One gambler is a manic former cokehead with an Ivy League degree. The second is a college dropout trying to make a living at the only thing he enjoyed at school—gambling. The third, one of Vegas's most respected bookmakers, is perilously close to burning out. The Odds follows the lives of these three professional gamblers through a college basketball season in a one-of-a-kind city struggling to reconcile its lawless past with its family-friendly makeover. With a wiseguy attitude and a faultless eye and ear for the sights and sounds of Vegas and its denizens, Chad Millman has created a portrait that the Wall Street Journal called "fascinating. . . often screamingly funny." The Las Vegas Review-Journal had just one word for the book: "Superb."
Die Inhaltsangabe kann sich auf eine andere Ausgabe dieses Titels beziehen.
For sports gamblers in Las Vegas, nobody cares who wins; it's by how much that matters. In The Odds, Chad Millman follows three professional gamblers through a year of college basketball, where meticulous research, betting discipline, and instinct clash with addiction, and no one relaxes until they've lost it all.
The three colorful gamblers Millman expertly portrays are a high-rolling career "wiseguy," a slacker wannabe, and a bookmaker who sets the lines on games (for example, Iowa over Indiana by 4-1/2 points, meaning if you bet on Iowa, you win only if Iowa wins by five points or more). The idea behind the betting line is to lure bets (hopefully, losing ones) and make a profit for his casino from the action, but more importantly to stay ahead of those who pounce on a weak line like hungry wolves. Millman provides the answer to what makes these wiseguys tick: "While the casual bettor weighs common sense and financial realities with every bet, the wiseguy pushes those aside... [his] battle isn't with what makes sense; his battle is with anyone who gets in the way of making his bet a euphoric experience."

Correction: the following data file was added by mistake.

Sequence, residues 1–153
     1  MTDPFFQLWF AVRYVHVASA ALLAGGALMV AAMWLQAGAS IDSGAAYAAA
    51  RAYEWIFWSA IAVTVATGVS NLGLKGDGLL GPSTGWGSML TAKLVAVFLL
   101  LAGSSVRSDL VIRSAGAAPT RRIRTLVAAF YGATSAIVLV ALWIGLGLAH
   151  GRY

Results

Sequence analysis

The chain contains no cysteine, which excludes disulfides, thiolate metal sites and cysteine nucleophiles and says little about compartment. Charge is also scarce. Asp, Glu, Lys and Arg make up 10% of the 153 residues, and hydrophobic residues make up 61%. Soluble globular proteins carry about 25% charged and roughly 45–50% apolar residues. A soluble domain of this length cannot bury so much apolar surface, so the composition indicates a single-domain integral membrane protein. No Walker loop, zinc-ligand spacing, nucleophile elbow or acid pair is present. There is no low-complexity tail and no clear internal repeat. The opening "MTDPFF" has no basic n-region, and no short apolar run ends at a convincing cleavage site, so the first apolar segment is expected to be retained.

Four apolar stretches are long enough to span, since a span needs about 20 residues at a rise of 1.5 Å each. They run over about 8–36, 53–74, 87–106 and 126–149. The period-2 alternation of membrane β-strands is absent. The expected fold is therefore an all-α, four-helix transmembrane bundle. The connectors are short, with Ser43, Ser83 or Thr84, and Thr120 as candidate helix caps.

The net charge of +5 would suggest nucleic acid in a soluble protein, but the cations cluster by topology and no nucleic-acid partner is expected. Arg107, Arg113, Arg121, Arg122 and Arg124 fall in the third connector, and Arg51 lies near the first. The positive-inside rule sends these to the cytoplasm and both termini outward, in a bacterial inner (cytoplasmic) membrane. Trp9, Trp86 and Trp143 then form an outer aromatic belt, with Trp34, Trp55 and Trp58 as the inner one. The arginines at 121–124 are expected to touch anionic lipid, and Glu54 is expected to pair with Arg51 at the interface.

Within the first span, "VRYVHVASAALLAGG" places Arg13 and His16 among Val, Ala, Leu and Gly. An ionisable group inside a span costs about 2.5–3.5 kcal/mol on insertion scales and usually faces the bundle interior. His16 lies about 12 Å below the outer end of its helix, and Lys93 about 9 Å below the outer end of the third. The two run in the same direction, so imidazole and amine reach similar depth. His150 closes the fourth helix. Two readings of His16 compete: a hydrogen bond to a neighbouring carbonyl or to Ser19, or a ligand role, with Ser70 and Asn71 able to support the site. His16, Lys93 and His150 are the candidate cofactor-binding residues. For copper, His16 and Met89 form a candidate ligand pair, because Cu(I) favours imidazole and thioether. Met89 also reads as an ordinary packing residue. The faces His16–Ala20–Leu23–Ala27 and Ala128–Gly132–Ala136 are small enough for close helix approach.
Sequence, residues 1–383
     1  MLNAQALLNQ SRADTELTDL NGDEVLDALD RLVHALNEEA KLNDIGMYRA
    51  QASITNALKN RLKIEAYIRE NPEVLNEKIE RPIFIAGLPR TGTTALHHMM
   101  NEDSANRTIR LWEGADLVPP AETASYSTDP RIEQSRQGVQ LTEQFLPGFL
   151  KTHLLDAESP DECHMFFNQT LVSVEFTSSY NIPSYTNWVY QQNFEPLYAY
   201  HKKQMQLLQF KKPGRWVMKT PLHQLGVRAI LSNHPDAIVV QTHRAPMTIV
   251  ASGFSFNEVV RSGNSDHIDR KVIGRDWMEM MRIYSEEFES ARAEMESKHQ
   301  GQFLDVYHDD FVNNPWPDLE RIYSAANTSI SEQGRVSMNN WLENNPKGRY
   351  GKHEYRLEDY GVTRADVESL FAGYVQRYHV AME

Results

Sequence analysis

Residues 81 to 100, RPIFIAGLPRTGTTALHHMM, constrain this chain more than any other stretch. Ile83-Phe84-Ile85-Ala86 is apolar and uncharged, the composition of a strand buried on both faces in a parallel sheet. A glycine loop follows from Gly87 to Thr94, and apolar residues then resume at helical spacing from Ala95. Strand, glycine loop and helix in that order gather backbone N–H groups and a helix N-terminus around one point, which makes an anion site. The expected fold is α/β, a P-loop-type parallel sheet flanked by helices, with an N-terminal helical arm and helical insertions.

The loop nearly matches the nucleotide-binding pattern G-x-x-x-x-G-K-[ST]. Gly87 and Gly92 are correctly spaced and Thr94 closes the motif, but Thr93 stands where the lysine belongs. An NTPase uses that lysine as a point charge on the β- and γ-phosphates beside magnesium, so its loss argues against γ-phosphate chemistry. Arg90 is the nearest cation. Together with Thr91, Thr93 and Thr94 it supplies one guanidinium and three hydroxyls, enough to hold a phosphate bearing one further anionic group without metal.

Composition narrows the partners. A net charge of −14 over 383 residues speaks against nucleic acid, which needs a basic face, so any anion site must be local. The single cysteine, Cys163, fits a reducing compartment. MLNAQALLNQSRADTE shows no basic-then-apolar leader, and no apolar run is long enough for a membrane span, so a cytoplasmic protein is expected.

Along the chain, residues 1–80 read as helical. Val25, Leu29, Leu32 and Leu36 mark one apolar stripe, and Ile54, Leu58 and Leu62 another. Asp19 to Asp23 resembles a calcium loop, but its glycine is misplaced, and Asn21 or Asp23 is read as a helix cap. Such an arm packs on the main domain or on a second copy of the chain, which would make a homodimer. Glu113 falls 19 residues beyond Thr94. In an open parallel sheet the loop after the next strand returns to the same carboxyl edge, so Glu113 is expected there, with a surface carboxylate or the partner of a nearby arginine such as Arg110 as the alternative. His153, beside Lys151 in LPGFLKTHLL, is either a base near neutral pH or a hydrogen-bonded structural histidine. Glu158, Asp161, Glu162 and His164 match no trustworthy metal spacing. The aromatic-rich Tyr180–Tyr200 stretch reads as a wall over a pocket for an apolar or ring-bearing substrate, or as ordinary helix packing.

Along with lurid details of what these gamblers do to feed their frenzy, Millman enriches us on gambling's history and sobering statistics, on Vegas's decline and the rise of offshore casinos, and on the effects of media coverage and politics on sports and gambling. While you won't learn how to get rich off the next office pool, you will get an inside look at those who make or lose money on some kid's buzzer-beater or a garbage-time lay-up. --Michael FerchAbout the Author:
Chad Millman is a former Sports Illustrated reporter, a CNNSI correspondent, and associate editor at ESPN The Magazine. He has covered the NCAA basketball tournament, the Boston College football gambling scandal, the 1992 and 1996 Summer Olympics, and six Super Bowls. He lives in New York City.
„Über diesen Titel“ kann sich auf eine andere Ausgabe dieses Titels beziehen.